The patient, who suffered from breast cancer, also had swollen lymph nodes in her armpits which had looked ‘angry and alive’ but started to dull and and dry up after stopping the drug.

“I am constantly coming across new patients who are being prescribed it and I find it a battle with certain nursing staff who do not agree, or do not want to fight the Spanish healthcare system.

“I just think this has got to stop,” added 64-year-old Wills, who even wrote to the British Consulate in a bid to raise awareness for expats in Spain.

Many expats have contacted authorities with no support and have been left unsure what to turn.

Medical translator, Garcia del Campo, was compelled to protect the expat community after coming across a large number of British and Irish patients who were suffering with sepsis as a result of taking Nolotil.

Campaigner: Cristina Garcia del Campo

Despite the breakthrough movement following Garcia del Campo’s findings, she said it ‘hasn’t been easy’ over the past four months.

Although many expats got in touch to tell her they had lost a relative or suffered terrible side effects after taking Nolotil, they were not prepared to go on the record.

“It is not possible to notify cases of people by just reading their comment.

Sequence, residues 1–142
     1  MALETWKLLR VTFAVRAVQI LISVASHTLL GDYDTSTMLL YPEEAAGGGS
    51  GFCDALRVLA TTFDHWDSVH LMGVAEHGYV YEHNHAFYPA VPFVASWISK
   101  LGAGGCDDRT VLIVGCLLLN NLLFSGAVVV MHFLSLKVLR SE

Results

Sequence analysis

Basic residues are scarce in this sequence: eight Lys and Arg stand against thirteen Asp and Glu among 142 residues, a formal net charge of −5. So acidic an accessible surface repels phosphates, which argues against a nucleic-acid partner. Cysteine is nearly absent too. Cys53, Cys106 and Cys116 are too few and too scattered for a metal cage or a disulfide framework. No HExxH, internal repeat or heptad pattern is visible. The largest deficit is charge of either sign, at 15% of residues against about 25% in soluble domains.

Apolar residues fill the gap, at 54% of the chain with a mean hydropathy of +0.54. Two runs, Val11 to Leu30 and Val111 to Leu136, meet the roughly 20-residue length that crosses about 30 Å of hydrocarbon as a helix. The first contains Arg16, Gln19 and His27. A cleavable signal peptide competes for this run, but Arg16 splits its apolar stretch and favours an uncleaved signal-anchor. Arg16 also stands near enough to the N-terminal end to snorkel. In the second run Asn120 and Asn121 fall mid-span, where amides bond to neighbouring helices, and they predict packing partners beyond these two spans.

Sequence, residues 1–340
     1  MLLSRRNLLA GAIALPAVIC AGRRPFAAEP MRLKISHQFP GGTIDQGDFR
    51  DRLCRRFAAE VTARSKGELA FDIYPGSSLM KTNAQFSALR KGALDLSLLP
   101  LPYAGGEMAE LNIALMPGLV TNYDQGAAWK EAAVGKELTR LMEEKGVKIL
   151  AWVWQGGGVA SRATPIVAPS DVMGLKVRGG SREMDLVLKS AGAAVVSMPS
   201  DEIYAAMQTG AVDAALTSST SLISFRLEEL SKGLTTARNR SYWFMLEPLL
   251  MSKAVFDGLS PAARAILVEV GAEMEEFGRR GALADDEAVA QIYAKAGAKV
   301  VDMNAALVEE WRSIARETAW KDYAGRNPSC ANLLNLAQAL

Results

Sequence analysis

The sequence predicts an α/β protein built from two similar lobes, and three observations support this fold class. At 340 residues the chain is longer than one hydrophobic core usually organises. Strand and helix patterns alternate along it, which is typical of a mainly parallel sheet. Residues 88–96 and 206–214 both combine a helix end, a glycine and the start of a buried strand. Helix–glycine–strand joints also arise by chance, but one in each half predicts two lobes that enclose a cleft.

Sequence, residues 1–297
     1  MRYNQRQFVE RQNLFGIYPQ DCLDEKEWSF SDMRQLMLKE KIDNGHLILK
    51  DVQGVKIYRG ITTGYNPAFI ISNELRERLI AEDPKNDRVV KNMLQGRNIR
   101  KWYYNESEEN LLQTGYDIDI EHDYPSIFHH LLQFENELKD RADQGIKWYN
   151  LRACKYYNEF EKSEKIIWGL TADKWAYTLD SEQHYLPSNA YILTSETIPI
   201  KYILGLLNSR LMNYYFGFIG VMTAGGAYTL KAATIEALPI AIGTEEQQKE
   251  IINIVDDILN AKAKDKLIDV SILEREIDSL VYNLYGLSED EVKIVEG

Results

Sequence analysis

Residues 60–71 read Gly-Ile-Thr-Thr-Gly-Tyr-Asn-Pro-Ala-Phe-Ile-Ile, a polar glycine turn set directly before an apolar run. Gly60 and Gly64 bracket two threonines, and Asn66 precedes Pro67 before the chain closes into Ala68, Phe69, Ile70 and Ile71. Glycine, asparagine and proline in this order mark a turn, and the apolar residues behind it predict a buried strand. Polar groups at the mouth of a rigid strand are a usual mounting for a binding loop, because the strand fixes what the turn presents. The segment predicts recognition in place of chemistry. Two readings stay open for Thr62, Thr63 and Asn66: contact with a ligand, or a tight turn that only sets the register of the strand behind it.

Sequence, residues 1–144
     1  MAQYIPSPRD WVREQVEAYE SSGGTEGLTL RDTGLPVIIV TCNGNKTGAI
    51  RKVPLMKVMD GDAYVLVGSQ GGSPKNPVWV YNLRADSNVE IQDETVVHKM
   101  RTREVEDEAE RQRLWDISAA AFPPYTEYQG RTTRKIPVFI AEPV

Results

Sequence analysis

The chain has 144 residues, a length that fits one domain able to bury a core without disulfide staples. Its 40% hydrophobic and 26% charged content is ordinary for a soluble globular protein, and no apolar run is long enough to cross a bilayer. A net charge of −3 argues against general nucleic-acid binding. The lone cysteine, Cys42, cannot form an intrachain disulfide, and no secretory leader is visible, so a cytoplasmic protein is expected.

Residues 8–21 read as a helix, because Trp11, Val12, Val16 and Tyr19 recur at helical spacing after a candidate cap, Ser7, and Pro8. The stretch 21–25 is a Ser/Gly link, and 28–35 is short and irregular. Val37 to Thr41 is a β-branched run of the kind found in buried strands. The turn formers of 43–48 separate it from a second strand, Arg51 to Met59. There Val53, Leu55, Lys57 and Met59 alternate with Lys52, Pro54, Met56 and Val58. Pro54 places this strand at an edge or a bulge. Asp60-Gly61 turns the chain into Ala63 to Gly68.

“I need certain information and unless they give it to me, their case does not get notified and that way, they are not helping anybody or even themselves,” she added.

The translator said it hindered the investigation at times and she has been close to giving up.

“I have also had to put up with some ignorant comments from people who were very insulting.

“One even accused me of being racist because I said Nolotil seemed to be affecting Anglo Saxons more than Spanish people,” she added.

Despite this, Garcia del Campo greatly praised expat social media groups, such as Javea Connect, and the many victims who have come forward.

Spanish healthcare professionals supported the investigation as soon as she raised her concerns, which she said has now lead to a nationwide probe.

Hearing the news of the investigation, Ward, said: “Without Nolotil my wife would still be alive today. It’s high time for it to be banned and the manufacturers should be ashamed of themselves.

“I’m so pleased something is hopefully being done.”

Speaking of Marina Salud’s decision to issue a warning Wills said ‘anything is better than nothing’ and is keeping her fingers crossed for further regulation in Spain.

Garcia del Campo is still urging expats and holidaymakers affected by Nolotil to come forward by messaging her at [email protected].

Did you know?

  • After its mass production in 1922, Nolotil was first banned in Sweden in 1974, followed by the US in 1979 and subsequently most of the EU.
  • It is still the go-to painkiller in Spain and is still available over-the-counter in Russia, with reports suggesting it makes up around 80% of the region’s painkiller market. (It’s also available in Mexico, India and Brazil).
  • Unlike other painkillers Nolotil does not cause problems to the stomach or liver
  • Research suggests side effects appear to affect those of Anglo Saxon and Scandinavian heritage more than Spaniards.
  • The most severe adverse effects are: 
  • Sepsis: an infection in which the immune system attacks the body
  • Necrotizing fasciitis: a flesh-eating disease
  • Agranulocytosis: a severe and rapid drop in white blood cells